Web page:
Genuine Leaders Look for Ways to Lead

Excerpted from

You Don't Need a Title to Be a Leader: How Anyone, Anywhere, Can Make a Positive Difference

By

For years a first-rate hotel tried to identify returning guests before they presented themselves to the front desk. Of course, the hotel's computer records would indicate if a guest had stayed before, but was there a way for staff to acknowledge a guest before he or she made it to reception?

An ingenious bellcap came up with a clever idea. When he greeted each guest arriving by car, taxi, or shuttle, he would say, "Welcome to the hotel. Have you stayed with us before?" If they responded in the affirmative, he would, as he handed them off to someone to help with their baggage, tug on his left ear. His ear tug signaled a returning guest, who could then be treated as such by hotel employees even before checking in.

Here is another example of someone who acted as a leader on his own initiative. A friend of mine was staying in the Omni hotel in San Diego when he discovered he didn't have any collar stays for his dress shirts. About to go into an important meeting, he didn't have time to go shopping for this common but sometimes difficult-to-find item.

He expressed his dilemma to a hotel employee, who, after suggesting several alternatives, came up with the perfect solution. Since the plastic cards used as room keys are approximately the same thickness as a collar stay, the innovative employee cut up a room key card to create custom collar stays for him.

Of course, my friend was delighted-both with the solution to his problem and the ingenuity of this nontitled leader. That small improvement made an enormous difference to my friend's experience.

Store Greeters, Blended Beverages,
and Coffee Cup Sleeves

Did you know the person who suggested the idea of a store greeter that has become such an important part of the Wal-Mart brand wasn't a manager; he was a cashier-a nontitled leader.

Here is another example of how a small improvement can make an enormous difference. In the late 1980s in Portland, Jay Sorensen ordered a cup of coffee at a drive-through. Although wrapped in a napkin, it was still hot enough to cause him to drop it in his lap. In the early '90s, as the Starbucks-driven coffee craze was taking off, he watched over and over again at the way customers carefully held their coffee cups, even when "double-cupped," because the beverages were so hot. It's a phenomenon many of us experienced, a source of irritation we endured but never thought to address. Using supplies at home, Jay designed a cardboard sleeve to solve the problem. It became known as a Java Jacket, and the company he formed to make them today sells about 700 million units annually. Again, small improvements lead to big results.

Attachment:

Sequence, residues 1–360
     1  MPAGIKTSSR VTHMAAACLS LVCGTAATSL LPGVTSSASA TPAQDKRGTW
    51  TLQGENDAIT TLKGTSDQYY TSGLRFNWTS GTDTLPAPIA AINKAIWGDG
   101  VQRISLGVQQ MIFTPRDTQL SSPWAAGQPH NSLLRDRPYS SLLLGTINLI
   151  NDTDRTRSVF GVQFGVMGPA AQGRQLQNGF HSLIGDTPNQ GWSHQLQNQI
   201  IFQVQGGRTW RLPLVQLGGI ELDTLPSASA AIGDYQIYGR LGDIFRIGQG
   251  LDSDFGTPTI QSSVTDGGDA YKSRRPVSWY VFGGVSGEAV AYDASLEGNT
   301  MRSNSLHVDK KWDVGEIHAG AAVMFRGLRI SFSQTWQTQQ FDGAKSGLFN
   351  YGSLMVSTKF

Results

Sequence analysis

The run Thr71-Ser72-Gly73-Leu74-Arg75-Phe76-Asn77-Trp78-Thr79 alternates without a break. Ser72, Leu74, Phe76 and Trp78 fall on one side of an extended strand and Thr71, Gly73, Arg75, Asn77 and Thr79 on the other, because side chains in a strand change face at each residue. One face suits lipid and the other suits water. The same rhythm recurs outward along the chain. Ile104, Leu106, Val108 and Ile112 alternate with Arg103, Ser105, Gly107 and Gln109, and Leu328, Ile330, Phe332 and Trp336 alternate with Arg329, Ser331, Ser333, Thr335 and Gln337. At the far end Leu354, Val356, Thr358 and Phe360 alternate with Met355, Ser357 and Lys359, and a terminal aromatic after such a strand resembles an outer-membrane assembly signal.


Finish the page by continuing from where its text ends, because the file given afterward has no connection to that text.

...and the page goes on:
Another untitled leader is the Starbucks store manager who invented the Frappuccino. When CEO Howard Schultz found out about the experiment and tasted it himself, he didn't like it. However, plenty of other people did. So he tested and refined it, and rolled it out in 1995. Within three years, it had generated $100 million in revenue for the company. That is the power of untitled leadership. The manager wasn't responsible for creating more drinks or expanding Starbucks' coffee line. But he did it anyway, just because it seemed like a good idea.

Taking the Lead

In the early years of our nation, a pastor named Russell Conwell noticed that Charles Davies, a young man who was a member of his church, seemed troubled after an evening service. Being a sensitive and perceptive person, Conwell asked Charlie what was wrong. Charlie explained that he didn't make much money and had little potential for earning more. In addition, he had to take care of his mother. He had longed to become a pastor but didn't hold much hope of getting the education he needed. What could he do?

Pastor Conwell responded immediately: "Come to me one evening a week and I will begin teaching you myself." Davies asked if he could bring a friend, and Conwell told him to bring as many as he wanted.

Conwell taught six young men that first evening. Forty attended by the third session. Before long, other educators offered to help teach. They rented a room, then later bought some buildings. That is how, as Gregory Dixon writes in his biography of Russell Conwell, Temple University was founded.

But Russell Conwell had a title, didn't he? Yes, he was a pastor, and a lawyer and entrepreneur. He was also the author of a bestselling book called Acres of Diamonds. He was considered perhaps the greatest motivational speaker of his day.

But he wasn't an educator or academic. He didn't have a teaching degree or experience running an educational institute. Nonetheless, he founded a university. And the reason he did it? He was responding to a need.

Conwell explained it best himself: "Greatness...consists in doing great deeds with little means and the accomplishment of vast purposes from the private ranks of life. To be great at all, one must be great here, now, in Philadelphia." Or Denver, or Cleveland, or wherever you currently reside.

Can you think of a relationship that needs to be strengthened or improved? Can you recall an outcome that might have turned out differently if you had taken the lead? And what about that idea you've been earning around in your head that will improve your product or service? These are your opportunities to increase ROI: Relationships, Outcomes, and Improvements.




Tags: Career & Money


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